Donald MacInnes: My pan-sexual crush on our magnificent Olympic cyclists

 

Mirrored shades are always sexy. Maybe it’s the instant nonchalance they bestow on the wearer. Or perhaps it’s the fact that all you can see when you look at them is your own gaze. Not only can the wearer see that you are looking into their eyes, but that’s all you can see, as well. It’s all about them. And confident acceptance of being regarded by others is, as we all know, extremely attractive.

Maybe it’s for this reason, rather than the beauty of their bodies, their exceptional velocity or apparent invincibility, that I have developed what appears to be a pan-sexual crush on our magnificent Olympic cyclists, with their one-way mirrored visors and their disdainful allure. And their fast, fast feet.

Like Albion’s own regiment of blue Power Rangers, they have turned the undulating, parquet-floored warehouse that is the velodrome into a sensuous carousel of smears, with only the Post Box hue of their aero-sleek helmets underlining every achievement in red. Like space travellers who just happen to have picked the Union Jack as their flag of convenience, they have an otherness about them; an élan which seems to transcend any of our other Olympians.

We don’t even fully understand how they do what they do. They may be riding devices that have the aroma of Halfords about them, but they are about as far from our own experience of riding a bike as panicked bungee jumpers are to Superman gliding across the Metropolis sunset.

Their king is the terrifyingly-thighed Sir Chris Hoy, whose very name – lest we forget – sounds like an exclamation of Celtic exaltation. This is a man so Scottish that he makes Andy Murray look like a sales rep from Gloucester, but (possibly unlike Murray in the past), his Britishness is never in question. He always seems to sit in the saddle a little higher when he is carrying a Union Flag on his victory lap. It doesn’t look forced. Yes, as a Scot, I am toweringly proud of him, but what he does more than make me proud is make me hopeful that his evident lack of any sort of chip on his shoulder towards the English will permeate throughout the country of my birth. To move on; to be modern, we need him so badly. I suspect if he asked me to strap on a rifle and follow him into a war zone, I would skip there, whistling.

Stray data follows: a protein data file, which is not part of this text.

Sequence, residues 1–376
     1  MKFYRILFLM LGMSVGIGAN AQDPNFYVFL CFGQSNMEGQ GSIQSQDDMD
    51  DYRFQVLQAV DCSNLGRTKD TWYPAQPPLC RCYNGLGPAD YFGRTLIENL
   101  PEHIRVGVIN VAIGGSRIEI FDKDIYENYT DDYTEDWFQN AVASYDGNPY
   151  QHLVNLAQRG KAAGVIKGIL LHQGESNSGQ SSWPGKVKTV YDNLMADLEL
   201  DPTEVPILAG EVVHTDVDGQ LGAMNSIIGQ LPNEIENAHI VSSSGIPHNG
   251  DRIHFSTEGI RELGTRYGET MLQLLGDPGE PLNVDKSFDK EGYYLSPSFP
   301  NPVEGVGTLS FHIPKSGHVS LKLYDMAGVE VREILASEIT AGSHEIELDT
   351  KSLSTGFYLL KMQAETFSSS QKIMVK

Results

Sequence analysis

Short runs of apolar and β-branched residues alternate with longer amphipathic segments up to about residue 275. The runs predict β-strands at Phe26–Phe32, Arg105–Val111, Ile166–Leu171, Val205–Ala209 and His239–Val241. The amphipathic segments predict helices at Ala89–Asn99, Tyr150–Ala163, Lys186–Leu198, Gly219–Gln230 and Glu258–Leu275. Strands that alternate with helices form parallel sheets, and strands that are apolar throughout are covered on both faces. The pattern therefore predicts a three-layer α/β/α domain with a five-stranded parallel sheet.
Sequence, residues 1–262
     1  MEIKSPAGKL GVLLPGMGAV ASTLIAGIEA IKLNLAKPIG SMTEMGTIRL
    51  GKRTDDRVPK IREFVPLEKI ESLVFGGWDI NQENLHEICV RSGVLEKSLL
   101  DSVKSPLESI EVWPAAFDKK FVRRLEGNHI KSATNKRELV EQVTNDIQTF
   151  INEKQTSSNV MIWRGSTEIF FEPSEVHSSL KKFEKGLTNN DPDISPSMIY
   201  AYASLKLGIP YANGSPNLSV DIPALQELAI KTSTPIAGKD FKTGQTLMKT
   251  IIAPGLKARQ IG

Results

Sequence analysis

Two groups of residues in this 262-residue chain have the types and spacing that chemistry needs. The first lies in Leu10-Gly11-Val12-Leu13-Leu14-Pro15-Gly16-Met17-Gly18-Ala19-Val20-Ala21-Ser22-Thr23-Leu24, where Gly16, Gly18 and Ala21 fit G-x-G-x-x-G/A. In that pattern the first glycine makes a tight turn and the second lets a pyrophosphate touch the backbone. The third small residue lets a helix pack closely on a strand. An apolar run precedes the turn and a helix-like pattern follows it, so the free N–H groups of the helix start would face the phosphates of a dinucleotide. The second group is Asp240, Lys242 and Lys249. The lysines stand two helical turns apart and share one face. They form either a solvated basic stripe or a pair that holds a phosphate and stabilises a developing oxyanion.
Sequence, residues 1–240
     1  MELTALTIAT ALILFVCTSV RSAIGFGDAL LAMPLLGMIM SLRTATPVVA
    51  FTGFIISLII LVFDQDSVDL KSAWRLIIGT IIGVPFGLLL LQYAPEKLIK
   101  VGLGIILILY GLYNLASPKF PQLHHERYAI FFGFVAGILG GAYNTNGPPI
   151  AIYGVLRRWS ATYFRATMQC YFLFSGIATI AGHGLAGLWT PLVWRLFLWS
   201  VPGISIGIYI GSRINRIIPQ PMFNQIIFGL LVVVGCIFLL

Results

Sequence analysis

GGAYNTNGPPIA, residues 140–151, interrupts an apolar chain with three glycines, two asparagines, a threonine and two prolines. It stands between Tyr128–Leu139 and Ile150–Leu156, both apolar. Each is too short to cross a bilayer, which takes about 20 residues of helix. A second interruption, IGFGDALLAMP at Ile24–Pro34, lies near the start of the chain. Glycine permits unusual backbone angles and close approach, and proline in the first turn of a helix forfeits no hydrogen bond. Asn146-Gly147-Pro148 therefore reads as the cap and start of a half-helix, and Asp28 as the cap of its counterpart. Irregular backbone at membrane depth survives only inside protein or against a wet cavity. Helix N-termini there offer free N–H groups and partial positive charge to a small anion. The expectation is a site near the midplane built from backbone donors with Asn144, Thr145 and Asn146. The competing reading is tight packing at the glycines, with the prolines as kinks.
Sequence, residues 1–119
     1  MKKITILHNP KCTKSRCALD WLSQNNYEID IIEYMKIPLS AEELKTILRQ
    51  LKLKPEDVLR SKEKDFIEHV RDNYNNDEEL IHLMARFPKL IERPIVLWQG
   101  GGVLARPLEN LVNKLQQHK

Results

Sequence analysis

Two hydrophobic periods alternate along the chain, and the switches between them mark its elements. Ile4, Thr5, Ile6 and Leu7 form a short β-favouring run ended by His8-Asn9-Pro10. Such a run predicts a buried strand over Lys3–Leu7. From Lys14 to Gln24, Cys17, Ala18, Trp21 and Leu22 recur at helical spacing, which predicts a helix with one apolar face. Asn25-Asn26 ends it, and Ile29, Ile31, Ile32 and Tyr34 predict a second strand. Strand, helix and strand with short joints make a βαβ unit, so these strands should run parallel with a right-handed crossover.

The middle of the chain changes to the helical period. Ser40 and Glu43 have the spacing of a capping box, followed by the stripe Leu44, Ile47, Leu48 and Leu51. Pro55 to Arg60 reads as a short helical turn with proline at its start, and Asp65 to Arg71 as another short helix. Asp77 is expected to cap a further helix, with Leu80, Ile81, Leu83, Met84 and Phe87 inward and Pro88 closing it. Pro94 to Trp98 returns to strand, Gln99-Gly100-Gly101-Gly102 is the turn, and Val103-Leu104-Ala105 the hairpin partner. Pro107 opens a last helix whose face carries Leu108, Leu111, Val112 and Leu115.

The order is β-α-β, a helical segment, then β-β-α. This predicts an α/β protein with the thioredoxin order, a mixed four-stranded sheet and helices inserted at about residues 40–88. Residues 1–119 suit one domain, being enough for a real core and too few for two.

Then there is the knight’s Queen: Victoria. Yes, Ms Pendleton is a beautiful woman, but her boudoir gaze, pyjama button nose and Pantene-enhanced tresses aren’t what attracted me to her in the first place. What really counts is when she is in her Team GB track kit, the only thing visible being her mouth; be it ever so slightly petulant as she waits to begin a race or glides round the track scooping up the love of the common people. She rarely smiles. Again, sexy. The only time her mouth does something different is when you see a slow-motion replay of her mid-race exertions (it needs to be after the fact as, watched live, everything moves too fast to be regarded properly). There, in the replay, as she strains to put more distance between herself and her opponent, she resembles nothing less than a battling Manga character from some Britannic anime, her clenched white teeth the only sign that, beneath that mirrored visor, there might be some effort taking place.

But then again, maybe underneath that reflected world, her eyes are still smoky; her gaze still languid; still sexy; still not caring about all the adoration. I would love to think so…

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